Fibromyalgia Outcomes Over Time: Results from a Prospective Observational Study in the United States

Caroline P. Schaefer1, Edgar H. Adams1, Margarita Udall2, Elizabeth T. Masters2, Rachael M. Mann3, Shoshana R. Daniel4, Heather J. McElroy5, Joseph C. Cappelleri6, Andrew G. Clair2, Markay Hopps2, *, Roland Staud7, Philip Mease8, Stuart L. Silverman9
1 Covance Market Access Services Inc., Gaithersburg, MD, USA
2 Pfizer Inc., New York, NY, USA
3 Covance Market Access Services Inc., San Diego, CA, USA
4 Covance Market Access Services Inc., Conshohocken, PA, USA
5 Covance (Asia) Pte Ltd., Singapore
6 Pfizer Inc., Groton, CT, USA
7 University of Florida, Gainesville, FL, USA
8 Swedish Medical Center and University of Washington, Seattle, WA, USA
9 Cedars-Sinai Medical Center, Los Angeles, CA, USA

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© Schaefer et al.; Licensee Bentham Open

open-access license: This is an open access article licensed under the terms of the Creative Commons Attribution-Non-Commercial 4.0 International Public License (CC BY-NC 4.0) (, which permits unrestricted, non-commercial use, distribution and reproduction in any medium, provided the work is properly cited.

* Address correspondence to this author at the Pfizer Inc, 235 East 42nd Street, New York, NY 10017, USA; Tel: 212-733-0717; E-mail:



Longitudinal research on outcomes of patients with fibromyalgia is limited.


To assess clinician and patient-reported outcomes over time among fibromyalgia patients.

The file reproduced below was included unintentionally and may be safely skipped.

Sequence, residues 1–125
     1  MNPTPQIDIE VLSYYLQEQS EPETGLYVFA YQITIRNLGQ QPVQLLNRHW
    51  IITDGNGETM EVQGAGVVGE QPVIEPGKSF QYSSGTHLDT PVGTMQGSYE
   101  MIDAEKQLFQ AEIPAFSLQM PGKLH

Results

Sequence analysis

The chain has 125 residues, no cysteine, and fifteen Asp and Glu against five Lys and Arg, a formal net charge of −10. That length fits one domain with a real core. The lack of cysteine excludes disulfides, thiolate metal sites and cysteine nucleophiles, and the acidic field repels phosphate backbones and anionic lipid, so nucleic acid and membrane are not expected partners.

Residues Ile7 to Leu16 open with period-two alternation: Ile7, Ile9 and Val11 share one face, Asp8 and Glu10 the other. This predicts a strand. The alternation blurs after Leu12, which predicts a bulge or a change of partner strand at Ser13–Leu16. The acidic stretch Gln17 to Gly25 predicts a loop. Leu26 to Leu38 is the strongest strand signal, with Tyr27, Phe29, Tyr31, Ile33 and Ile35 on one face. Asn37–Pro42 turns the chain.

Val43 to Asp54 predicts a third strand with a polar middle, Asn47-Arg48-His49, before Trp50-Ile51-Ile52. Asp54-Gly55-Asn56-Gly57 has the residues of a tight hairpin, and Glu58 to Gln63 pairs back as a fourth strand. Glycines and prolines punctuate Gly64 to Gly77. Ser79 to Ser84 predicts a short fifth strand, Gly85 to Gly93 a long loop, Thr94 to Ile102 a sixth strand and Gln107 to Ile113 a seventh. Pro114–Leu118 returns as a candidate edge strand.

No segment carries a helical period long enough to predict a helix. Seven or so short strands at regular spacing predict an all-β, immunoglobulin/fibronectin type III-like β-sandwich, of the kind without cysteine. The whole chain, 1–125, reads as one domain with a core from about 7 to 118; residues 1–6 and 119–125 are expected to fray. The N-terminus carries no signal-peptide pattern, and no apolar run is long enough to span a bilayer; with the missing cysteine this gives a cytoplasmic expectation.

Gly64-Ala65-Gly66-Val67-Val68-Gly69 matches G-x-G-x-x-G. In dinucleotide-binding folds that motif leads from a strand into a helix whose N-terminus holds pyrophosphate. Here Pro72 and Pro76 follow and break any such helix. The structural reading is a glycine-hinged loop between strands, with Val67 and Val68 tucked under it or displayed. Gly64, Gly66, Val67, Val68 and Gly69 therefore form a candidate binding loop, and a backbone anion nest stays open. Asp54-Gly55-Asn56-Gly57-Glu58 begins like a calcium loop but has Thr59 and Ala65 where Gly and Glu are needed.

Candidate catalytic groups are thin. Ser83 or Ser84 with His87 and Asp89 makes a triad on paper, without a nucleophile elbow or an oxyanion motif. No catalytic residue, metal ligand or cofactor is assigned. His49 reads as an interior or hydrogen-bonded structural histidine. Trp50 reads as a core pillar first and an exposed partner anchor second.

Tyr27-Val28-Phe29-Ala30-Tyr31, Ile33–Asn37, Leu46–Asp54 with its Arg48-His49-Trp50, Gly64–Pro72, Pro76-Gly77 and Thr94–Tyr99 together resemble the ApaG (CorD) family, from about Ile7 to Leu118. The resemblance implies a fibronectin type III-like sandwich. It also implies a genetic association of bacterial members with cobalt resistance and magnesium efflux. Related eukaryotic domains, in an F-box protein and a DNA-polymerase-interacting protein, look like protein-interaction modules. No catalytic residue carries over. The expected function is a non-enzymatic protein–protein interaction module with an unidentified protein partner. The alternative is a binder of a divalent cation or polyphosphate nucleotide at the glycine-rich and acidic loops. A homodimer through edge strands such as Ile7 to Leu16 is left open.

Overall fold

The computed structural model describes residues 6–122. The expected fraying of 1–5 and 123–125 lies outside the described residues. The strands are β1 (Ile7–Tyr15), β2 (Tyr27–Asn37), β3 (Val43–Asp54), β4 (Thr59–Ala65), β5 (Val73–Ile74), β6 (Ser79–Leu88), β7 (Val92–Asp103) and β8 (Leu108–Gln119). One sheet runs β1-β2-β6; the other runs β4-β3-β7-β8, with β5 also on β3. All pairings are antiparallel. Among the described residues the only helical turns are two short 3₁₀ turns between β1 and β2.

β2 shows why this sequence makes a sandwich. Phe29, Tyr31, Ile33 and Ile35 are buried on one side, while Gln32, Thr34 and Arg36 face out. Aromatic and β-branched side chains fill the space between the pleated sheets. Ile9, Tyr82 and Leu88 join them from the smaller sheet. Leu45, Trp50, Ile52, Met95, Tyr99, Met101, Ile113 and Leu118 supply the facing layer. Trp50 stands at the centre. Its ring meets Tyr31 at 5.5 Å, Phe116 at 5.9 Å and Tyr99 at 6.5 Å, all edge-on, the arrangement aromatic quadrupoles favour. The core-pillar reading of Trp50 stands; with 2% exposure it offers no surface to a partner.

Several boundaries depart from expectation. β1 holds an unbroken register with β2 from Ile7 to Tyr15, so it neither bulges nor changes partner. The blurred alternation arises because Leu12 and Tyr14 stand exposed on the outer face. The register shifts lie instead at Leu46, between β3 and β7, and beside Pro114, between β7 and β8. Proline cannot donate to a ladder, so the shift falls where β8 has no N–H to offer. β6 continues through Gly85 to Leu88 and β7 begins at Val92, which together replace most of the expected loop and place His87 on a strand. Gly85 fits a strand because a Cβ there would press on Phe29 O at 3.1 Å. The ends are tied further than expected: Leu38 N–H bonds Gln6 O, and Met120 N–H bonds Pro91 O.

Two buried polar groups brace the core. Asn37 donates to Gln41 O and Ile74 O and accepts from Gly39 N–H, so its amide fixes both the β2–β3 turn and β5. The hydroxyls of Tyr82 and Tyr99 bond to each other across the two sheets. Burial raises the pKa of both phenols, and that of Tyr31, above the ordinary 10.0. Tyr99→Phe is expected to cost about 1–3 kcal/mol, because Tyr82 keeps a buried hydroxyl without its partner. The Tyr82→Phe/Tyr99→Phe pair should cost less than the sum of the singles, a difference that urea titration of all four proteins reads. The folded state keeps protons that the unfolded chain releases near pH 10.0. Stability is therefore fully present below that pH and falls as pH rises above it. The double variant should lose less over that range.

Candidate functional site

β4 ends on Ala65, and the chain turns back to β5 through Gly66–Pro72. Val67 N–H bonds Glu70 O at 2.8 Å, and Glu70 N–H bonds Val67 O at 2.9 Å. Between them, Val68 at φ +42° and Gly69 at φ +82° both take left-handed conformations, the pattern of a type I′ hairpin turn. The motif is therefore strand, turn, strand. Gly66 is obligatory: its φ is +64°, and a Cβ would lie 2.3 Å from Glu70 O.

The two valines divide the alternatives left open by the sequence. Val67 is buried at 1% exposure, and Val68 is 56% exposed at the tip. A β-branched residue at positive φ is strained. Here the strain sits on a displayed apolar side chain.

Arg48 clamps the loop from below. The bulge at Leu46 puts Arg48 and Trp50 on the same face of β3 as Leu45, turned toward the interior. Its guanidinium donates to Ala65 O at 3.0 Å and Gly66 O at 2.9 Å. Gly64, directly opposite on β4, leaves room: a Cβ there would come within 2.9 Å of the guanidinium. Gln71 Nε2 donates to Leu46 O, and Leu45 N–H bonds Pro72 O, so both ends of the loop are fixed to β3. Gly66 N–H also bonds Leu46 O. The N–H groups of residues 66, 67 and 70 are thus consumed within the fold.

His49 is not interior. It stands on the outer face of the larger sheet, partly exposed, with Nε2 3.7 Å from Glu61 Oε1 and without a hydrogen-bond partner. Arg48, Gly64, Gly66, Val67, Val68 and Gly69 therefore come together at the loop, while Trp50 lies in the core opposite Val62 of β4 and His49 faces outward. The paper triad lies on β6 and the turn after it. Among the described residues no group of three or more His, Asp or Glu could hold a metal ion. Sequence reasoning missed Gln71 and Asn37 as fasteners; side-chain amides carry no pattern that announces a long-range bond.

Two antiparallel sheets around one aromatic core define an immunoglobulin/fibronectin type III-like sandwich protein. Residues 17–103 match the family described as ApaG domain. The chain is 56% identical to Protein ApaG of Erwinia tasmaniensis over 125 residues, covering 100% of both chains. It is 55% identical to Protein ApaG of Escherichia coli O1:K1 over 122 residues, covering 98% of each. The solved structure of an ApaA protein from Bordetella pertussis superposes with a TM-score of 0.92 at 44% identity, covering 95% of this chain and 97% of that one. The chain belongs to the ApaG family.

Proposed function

At enrollment (Baseline) and follow-up (approximately 2 years later), consented patients were screened for chronic widespread pain (CWP), attended a physician site visit to determine fibromyalgia status, and completed an online questionnaire assessing pain, sleep, function, health status, productivity, medications, and healthcare resource use.


Seventy-six fibromyalgia patients participated at both time points (at Baseline: 86.8% white, 89.5% female, mean age 50.9 years, and mean duration of fibromyalgia 4.1 years). Mean number of tender points at each physician visit was 14.1 and 13.5, respectively; 11 patients no longer screened positive for CWP at follow-up. A majority reported medication use for pain (59.2% at Baseline, 62.0% at Follow-up). The most common medication classes were opioids (32.4%), SSRIs (16.9%), and tramadol (14.1%) at Follow-up. Significant mean changes over time were observed for fibromyalgia symptoms (modified American College of Rheumatology 2010 criteria: 18.4 to 16.9; P=0.004), pain interference with function (Brief Pain Inventory-Short Form: 5.9 to 5.3; P=0.013), and sleep (Medical Outcomes Study-Sleep Scale: 58.3 to 52.7; P=0.004). Patients achieving ≥2 point improvement in pain (14.5%) experienced greater changes in pain interference with function (6.8 to 3.4; P=0.001) and sleep (62.4 to 51.0; P=0.061).


Fibromyalgia patients reported high levels of burden at both time points, with few significant changes observed over time. Outcomes were variable among patients over time and were better among those with greater pain improvement.

Keywords: Burden of illness, Chronic widespread pain, Clinician-reported outcomes, Fibromyalgia, Health resource use, Outcome assessment, Patient-reported outcomes, Quality of life, Treatment patterns.